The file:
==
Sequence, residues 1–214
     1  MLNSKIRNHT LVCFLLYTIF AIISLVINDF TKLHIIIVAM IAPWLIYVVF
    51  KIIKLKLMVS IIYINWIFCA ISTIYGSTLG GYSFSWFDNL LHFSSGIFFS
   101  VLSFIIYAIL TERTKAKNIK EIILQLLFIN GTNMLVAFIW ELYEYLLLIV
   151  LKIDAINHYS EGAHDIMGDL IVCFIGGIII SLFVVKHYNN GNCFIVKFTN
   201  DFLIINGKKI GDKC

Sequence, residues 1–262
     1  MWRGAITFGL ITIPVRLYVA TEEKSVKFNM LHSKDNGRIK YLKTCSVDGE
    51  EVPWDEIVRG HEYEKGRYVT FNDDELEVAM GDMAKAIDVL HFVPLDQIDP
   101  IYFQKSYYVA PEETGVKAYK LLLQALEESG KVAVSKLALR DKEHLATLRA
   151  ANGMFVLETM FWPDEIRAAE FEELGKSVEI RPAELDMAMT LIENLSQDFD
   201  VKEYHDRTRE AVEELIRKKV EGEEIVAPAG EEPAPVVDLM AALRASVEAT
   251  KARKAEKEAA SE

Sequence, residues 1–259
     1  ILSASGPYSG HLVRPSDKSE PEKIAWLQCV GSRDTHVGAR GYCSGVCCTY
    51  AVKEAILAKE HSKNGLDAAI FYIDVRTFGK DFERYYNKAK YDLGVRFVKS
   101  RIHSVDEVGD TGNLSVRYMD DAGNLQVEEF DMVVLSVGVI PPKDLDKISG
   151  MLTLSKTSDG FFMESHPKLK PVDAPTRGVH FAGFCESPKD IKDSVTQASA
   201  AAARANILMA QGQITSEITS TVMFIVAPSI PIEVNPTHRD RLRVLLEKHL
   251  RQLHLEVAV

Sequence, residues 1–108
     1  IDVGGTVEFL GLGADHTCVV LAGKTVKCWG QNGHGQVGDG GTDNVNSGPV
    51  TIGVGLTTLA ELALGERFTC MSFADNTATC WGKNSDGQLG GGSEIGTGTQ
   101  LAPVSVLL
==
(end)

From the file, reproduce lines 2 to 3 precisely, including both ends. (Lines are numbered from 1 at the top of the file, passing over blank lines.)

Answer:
     1  MLNSKIRNHT LVCFLLYTIF AIISLVINDF TKLHIIIVAM IAPWLIYVVF
    51  KIIKLKLMVS IIYINWIFCA ISTIYGSTLG GYSFSWFDNL LHFSSGIFFS